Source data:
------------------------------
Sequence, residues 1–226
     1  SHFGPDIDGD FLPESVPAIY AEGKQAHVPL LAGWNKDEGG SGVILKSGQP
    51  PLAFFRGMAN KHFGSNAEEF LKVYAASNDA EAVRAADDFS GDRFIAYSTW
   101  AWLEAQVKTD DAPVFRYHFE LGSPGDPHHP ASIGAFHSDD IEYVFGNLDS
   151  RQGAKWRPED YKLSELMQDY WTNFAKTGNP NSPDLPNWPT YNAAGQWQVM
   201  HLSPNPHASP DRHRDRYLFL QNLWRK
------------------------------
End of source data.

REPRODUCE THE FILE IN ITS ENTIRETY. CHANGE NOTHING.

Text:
Sequence, residues 1–226
     1  SHFGPDIDGD FLPESVPAIY AEGKQAHVPL LAGWNKDEGG SGVILKSGQP
    51  PLAFFRGMAN KHFGSNAEEF LKVYAASNDA EAVRAADDFS GDRFIAYSTW
   101  AWLEAQVKTD DAPVFRYHFE LGSPGDPHHP ASIGAFHSDD IEYVFGNLDS
   151  RQGAKWRPED YKLSELMQDY WTNFAKTGNP NSPDLPNWPT YNAAGQWQVM
   201  HLSPNPHASP DRHRDRYLFL QNLWRK